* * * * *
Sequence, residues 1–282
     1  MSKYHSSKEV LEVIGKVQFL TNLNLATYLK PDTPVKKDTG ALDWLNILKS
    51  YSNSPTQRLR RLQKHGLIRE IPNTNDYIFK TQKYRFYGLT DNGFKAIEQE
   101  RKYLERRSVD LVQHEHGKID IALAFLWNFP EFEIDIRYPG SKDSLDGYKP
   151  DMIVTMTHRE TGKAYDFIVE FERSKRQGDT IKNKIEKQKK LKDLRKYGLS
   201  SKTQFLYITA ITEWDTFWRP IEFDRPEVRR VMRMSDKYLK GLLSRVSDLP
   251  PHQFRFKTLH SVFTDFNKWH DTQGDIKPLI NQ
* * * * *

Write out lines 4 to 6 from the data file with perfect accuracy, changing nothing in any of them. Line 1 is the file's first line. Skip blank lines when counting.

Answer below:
   101  RKYLERRSVD LVQHEHGKID IALAFLWNFP EFEIDIRYPG SKDSLDGYKP
   151  DMIVTMTHRE TGKAYDFIVE FERSKRQGDT IKNKIEKQKK LKDLRKYGLS
   201  SKTQFLYITA ITEWDTFWRP IEFDRPEVRR VMRMSDKYLK GLLSRVSDLP